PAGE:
If a person does not fast because of an excuse such as travel or sickness from which he hopes to recover, then he has to make it up. If he dies without making it up, even though he was able to do so, then it remains an obligation that must be fulfilled, and it is mustahabb for his next-of-kin to fast on his behalf, because of the hadeeth of ‘Aa’ishah (may Allah be pleased with her), according to which the Messenger of Allah (blessings and peace of Allah be upon him) said: “Whoever dies owing any (obligatory) fasts, his next-of-kin may make them up on his behalf.”
Narrated by al-Bukhaari, (1952), Muslim (1147).
But if he dies before he is able to make them up, such as one whose illness lasts until he dies, then he does not have to do anything and his next-of-kin do not have to do anything on his behalf.
If a person does not fast out of carelessness and heedlessness, and has no excuse, he does not have to make them up and they are not valid if he does, because the time for them has ended.
Based on that:
What appears to be the case with your father, as he was keen to pray and do good, is that he would not have refrained from fasting without an excuse, so it seems that he refrained from fasting because of the excuse of travel, and it is not known whether he made up those days whilst travelling or in the winter, for example -- and your mother does not know either -- or whether he did not make them up. Was it possible for him to make them up when he had a break from work and stayed home, or was he always travelling because of the nature of his work, so that he was not able to make up what he had missed until he died?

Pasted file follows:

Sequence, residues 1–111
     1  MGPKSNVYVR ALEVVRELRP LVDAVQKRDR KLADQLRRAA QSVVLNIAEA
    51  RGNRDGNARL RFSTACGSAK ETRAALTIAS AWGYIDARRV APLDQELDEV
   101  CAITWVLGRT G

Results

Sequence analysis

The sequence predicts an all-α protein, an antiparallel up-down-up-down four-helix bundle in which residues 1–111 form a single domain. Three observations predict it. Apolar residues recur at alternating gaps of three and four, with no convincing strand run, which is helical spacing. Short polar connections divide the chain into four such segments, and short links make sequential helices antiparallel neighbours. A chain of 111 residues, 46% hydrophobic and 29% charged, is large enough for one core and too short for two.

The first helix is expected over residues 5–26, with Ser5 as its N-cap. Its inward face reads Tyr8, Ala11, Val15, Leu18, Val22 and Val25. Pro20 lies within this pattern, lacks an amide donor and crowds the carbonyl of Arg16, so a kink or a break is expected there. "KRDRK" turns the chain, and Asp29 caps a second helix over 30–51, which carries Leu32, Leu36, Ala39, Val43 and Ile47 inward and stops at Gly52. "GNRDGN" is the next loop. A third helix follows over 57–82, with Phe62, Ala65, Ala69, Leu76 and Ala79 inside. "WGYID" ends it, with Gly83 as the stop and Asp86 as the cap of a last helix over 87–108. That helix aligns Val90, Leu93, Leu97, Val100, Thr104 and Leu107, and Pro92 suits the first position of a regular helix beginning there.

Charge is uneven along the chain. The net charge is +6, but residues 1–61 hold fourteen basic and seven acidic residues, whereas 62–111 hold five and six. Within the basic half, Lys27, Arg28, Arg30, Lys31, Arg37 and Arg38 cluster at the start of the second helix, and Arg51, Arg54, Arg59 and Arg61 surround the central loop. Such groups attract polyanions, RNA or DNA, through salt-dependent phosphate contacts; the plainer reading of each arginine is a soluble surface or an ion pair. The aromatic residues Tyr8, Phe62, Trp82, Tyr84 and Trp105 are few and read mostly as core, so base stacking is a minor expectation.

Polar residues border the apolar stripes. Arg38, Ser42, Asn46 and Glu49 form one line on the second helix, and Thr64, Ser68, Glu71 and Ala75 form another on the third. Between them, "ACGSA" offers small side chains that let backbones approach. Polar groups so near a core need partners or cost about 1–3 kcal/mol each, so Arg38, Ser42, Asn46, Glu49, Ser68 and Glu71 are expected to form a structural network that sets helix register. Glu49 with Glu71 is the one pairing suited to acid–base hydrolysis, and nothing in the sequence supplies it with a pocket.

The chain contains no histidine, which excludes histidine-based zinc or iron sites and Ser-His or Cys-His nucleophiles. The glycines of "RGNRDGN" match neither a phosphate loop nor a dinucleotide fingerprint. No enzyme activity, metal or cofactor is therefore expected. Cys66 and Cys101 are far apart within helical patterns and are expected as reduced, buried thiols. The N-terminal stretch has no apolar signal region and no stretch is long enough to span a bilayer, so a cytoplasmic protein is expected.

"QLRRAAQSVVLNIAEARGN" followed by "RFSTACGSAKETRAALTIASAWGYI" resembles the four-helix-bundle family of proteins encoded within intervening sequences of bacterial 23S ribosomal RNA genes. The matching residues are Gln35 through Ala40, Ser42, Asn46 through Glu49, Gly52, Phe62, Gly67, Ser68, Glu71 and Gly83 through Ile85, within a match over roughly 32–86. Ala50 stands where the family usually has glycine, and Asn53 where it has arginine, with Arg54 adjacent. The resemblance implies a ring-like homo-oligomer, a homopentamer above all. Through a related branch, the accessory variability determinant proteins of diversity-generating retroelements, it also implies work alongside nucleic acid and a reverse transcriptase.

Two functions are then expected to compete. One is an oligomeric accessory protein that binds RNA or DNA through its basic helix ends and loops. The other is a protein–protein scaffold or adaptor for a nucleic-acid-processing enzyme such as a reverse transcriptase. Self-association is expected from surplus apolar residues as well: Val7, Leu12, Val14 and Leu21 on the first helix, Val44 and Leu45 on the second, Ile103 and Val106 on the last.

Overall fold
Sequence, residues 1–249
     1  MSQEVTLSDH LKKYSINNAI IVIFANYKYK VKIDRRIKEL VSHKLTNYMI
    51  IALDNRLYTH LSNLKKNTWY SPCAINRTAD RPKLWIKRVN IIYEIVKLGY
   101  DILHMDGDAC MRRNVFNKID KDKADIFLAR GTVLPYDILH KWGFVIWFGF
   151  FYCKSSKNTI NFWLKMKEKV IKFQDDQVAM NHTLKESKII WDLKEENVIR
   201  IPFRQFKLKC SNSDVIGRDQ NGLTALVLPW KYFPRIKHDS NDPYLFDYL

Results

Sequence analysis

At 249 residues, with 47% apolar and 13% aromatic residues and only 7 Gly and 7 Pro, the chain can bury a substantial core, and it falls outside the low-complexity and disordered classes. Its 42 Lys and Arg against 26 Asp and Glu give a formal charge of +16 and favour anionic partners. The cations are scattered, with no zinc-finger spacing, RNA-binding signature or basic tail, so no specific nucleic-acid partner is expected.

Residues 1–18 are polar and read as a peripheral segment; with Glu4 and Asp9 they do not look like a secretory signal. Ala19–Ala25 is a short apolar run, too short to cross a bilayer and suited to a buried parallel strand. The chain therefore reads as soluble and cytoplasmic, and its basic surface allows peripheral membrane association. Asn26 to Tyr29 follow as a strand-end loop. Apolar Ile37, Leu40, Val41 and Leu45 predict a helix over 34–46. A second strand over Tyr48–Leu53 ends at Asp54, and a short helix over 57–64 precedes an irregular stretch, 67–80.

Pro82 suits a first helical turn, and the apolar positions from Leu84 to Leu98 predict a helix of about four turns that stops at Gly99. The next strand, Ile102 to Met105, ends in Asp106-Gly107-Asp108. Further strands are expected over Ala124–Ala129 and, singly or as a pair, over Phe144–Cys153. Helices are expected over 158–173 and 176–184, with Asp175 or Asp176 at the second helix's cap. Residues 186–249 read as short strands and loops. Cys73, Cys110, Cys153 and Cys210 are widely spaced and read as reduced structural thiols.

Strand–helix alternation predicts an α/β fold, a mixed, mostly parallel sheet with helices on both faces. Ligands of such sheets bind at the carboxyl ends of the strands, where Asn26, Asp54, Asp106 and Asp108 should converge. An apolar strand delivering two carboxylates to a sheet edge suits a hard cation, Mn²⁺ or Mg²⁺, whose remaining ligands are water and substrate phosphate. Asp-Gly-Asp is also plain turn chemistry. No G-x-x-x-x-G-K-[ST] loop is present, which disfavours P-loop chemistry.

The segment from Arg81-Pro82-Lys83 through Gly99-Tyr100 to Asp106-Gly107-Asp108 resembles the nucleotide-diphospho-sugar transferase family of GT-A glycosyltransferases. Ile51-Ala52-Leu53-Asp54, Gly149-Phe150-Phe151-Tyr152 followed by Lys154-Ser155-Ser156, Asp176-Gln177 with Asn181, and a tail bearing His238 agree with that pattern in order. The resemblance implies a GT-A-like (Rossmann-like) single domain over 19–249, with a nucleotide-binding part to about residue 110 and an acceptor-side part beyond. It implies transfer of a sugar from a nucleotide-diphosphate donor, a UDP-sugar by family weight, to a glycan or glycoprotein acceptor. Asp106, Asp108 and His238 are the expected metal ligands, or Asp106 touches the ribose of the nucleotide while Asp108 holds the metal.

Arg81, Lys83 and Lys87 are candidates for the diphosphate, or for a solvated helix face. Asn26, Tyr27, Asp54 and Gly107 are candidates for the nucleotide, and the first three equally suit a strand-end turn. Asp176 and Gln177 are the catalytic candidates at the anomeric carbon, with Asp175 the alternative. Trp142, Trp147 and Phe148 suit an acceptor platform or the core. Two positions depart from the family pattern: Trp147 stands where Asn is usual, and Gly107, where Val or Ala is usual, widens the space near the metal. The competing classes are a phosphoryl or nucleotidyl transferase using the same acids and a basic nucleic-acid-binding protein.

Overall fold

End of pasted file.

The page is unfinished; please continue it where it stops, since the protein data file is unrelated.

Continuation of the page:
In the face of these possibilities, we say: if you cannot find out the facts of the matter, and you fast on his behalf as much as you are able to, this is a good and righteous deed for which you will be rewarded in sha Allah. But it is not obligatory and you do not have to find out the exact number of years he did not fast; rather you should act upon what is most likely to be the case and decide on the number of years that he did not fast, then fast on his behalf as much as you can. This comes under the heading of ihsaan (kind deeds), but it should not distract you from other deeds that are more important and more beneficial.
It is permissible for all the heirs to join in this making up of fasts. Whatever it is too hard for them to fast, they may feed poor persons instead, one poor person for each day.
Shaykh Ibn ‘Uthaymeen (may Allah have mercy on him) said: It is mustahabb for his next-of-kin to make it up if he did not do it. We say: for each day, feed one poor person.
And he said: If we assume that a man has fifteen sons, and each of them wants to fast two days to make up for thirty days, that is acceptable. If there were thirty heirs and they all fasted one day each, that would be acceptable, because they fasted thirty days between them. It makes no difference whether they all fast on the same day or one of them fasts one day, then the next fasts the next day, and so on until they complete thirty days.
End quote from ash-Sharh al-Mumti‘, 6/450-452
With regard to the fasts your mother did not observe from after she reached puberty and until her marriage, this matter is subject to further discussion, as follows:
1-Whatever she did not do out of heedlessness and carelessness, with no excuse, she does not have to make up, as stated above.
2-Whatever she did not do because of an excuse such as menses, travel or sickness, she has to make up. She should try hard to work out the number of days or what she thinks is most likely.
And Allah knows best.